A change in supply refers to the demand curve shifting left or right due to a change in the relationship between the price of a product and the quantity supplied.
There are a few things that will change supply. Some increase supply which is shown as the supply curve shifting to the right while others decrease supply which is shown as the supply curve shifting to left.
What changes supply:
You will need to understand these factors and how they shift the supply curve. A lot of the test questions relate to this.
White sneakers are currently selling for $150. If Swag & Co and all other white sneaker suppliers think the price of white sneakers will be $200 next year what will they do?
If they supply less this year and wait until prices are higher next year, they can make more money. This causes supply to decrease today and is shown as the supply curve shifting left.
If white sneakers are currently selling for $150 and Swag & Co believes the price of white sneakers is going to drop next year to $100, they will supply more this year because they won’t make as much money next year.
This causes supply to increase and is shown as the supply curve shifting right.
When it comes to making white sneakers, Swag & Co has several inputs. They have workers who assemble the shoes, raw leather, and white paint. Let’s say the price of leather does way down. This will make the shoes more profitable and shift the supply curve to the right.
If inputs are less expensive, supply will increase. This is shown as the supply curve shifting right.
Now let’s say that the price of white paint (an input for making sneakers) doubles and is now super expensive. Making shoes will not be as profitable and Swag & Co will supply less.
If inputs are more expensive, supply will decrease. This is shown as the supply curve shifting left.
Scientists discover how to make a robot that quickly makes shoes and paints them white. This robot makes Swag & Co’s process ten times faster. Swag & Co can now supply more white sneakers.
New technology that helps suppliers will cause an increase in supply. This is shown as the supply curve shifting right.
When technology decreases (this does not happen often) then suppliers will not be able to supply as much. An example of this would be a new machine breaking.
A decrease in available technology will cause an decrease in supply. This is shown as the supply curve shifting left.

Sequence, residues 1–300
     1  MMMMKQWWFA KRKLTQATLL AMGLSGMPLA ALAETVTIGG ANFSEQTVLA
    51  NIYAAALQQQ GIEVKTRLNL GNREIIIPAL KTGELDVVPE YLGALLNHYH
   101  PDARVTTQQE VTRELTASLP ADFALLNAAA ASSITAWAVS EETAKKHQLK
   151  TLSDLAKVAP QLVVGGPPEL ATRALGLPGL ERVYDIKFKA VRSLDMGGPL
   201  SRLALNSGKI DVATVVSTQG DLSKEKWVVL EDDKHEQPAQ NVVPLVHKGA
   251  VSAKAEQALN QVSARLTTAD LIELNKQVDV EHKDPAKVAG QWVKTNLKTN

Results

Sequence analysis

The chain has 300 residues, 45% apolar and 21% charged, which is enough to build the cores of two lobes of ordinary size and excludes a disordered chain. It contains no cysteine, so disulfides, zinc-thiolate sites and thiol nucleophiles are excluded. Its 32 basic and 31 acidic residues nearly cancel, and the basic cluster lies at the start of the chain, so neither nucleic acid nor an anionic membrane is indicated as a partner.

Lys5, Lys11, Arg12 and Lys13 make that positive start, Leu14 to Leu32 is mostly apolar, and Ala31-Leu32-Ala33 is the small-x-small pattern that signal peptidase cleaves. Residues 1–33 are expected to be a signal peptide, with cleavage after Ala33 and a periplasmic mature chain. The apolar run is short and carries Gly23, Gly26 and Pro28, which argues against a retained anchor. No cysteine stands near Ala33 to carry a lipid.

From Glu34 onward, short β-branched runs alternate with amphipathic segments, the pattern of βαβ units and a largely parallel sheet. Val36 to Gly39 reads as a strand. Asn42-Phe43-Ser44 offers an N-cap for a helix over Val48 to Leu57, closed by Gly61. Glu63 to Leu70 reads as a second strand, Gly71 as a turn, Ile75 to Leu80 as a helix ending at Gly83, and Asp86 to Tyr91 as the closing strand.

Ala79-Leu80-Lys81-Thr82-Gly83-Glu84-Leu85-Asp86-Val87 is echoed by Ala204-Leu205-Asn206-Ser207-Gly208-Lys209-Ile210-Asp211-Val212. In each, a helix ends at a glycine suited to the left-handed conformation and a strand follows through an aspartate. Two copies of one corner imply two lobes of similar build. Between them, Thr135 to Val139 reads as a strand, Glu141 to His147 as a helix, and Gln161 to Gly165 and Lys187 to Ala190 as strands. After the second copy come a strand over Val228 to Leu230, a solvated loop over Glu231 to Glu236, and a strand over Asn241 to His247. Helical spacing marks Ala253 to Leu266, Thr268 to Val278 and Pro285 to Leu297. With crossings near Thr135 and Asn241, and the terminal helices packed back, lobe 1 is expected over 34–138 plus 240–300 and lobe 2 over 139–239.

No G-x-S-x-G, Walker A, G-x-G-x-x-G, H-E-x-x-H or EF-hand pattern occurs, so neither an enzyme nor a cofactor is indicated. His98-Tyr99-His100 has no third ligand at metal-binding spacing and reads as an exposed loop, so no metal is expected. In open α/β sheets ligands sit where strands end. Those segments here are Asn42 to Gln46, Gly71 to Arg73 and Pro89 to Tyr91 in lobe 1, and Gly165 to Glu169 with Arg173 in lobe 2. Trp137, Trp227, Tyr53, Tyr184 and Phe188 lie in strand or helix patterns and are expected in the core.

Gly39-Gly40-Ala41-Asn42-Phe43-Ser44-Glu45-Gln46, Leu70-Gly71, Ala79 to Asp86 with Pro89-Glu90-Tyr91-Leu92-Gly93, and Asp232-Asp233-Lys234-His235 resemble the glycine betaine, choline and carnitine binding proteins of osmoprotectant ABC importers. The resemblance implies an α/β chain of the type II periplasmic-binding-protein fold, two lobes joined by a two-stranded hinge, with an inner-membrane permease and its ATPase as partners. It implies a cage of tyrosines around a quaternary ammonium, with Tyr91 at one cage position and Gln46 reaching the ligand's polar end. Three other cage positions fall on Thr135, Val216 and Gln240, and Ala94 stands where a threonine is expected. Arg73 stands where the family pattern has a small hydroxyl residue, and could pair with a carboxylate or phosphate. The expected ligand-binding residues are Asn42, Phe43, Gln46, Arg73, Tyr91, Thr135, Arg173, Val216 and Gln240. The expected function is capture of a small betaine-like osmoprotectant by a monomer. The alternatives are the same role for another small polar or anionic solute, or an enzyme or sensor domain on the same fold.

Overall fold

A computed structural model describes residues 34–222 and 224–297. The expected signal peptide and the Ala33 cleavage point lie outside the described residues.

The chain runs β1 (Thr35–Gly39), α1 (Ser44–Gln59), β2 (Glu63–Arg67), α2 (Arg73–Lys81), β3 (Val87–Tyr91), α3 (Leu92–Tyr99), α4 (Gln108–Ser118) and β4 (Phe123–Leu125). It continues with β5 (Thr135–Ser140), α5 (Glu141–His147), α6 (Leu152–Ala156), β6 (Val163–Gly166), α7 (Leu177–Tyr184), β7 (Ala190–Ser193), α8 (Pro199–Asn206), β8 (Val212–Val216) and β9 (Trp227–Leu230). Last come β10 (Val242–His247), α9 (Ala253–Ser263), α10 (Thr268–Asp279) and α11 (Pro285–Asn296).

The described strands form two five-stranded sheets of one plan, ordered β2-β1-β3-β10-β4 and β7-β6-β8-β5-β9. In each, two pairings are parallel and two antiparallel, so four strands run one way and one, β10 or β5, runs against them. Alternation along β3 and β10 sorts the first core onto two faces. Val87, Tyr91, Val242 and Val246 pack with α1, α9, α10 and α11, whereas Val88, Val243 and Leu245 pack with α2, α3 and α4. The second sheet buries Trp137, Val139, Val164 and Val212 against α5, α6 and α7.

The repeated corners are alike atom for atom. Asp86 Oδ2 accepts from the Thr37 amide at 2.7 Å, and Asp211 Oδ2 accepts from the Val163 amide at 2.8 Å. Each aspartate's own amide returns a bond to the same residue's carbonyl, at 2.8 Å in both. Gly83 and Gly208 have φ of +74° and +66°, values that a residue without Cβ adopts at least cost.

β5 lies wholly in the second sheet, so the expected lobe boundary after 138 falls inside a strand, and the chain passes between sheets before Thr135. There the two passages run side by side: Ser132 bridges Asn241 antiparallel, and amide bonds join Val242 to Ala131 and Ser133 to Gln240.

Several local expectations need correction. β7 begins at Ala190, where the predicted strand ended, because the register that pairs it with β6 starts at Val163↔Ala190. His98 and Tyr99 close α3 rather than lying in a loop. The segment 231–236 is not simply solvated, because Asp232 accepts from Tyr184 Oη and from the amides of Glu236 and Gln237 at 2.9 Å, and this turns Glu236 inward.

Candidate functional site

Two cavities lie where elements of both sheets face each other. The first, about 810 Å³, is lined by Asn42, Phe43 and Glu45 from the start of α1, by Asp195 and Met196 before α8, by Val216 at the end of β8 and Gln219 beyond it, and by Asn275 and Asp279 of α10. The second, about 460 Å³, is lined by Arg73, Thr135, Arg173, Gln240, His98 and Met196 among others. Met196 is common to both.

Swag & Co is producing white sneakers when Uncle Sam and the US Government decide to put regulations on white sneaker production. The regulations make it more expensive for Swag & Co to produce shoes.
Increases in regulation make it more costly to produce. This lowers supply. This is shown as a shift in the supply curve to the left.
When regulations decrease, producing becomes more profitable and supply increases. This is shown as a shift in the supply curve to the right.
Swag & Co is making white sneakers when they find out that black sneakers are selling for way more money. Making white sneakers and black sneakers are very similar processes so Swag & Co switches to supplying black sneakers.
White sneakers and black sneakers would be considered substitutes-in-production.
A substitute-in-production is one of two (or more) goods that use the same resource for production in an exclusionary manner. The supplier cannot produce both; they must choose one of the substitute-in-production goods.
This means that Swag & Co can either make white sneakers or black sneakers but not both.
If the price of substitute-in-production goes up (black sneakers cost more), then suppliers will switch products (Swag & Co now makes blacks sneakers) which decreases supply. This is shown as the supply curve shifting left.
If the price of a substitute-in-production decreases (black sneakers are cheaper), then suppliers from other markets (the black shoe market) will switch into our market and increase supply. This is shown as the supply curve shifting right.
Whenever Swag & Co makes white sneakers they also make shoe laces. White sneakers and shoe laces would be considered complements-in-production.
A complement in-production are two or more goods that are jointly produced using a given resource. The production of one good automatically triggers the production of another, often as a bi-product.
If the price of shoe laces goes up, Swag & Co will produce more shoe laces which causes an increase in the supply of white sneakers.
If the price of shoe laces goes down, Swag & Co will produce less shoe laces which causes a decrease in the supply of white sneakers.
If a lot more companies decide to make white sneakers, then the supply of white sneakers will increase. This will cause the supply curve to shift to the right.
If companies who already make white sneakers go out of business or leave the market, then the supply of white sneakers will decrease. This will cause the supply curve to shift to the left.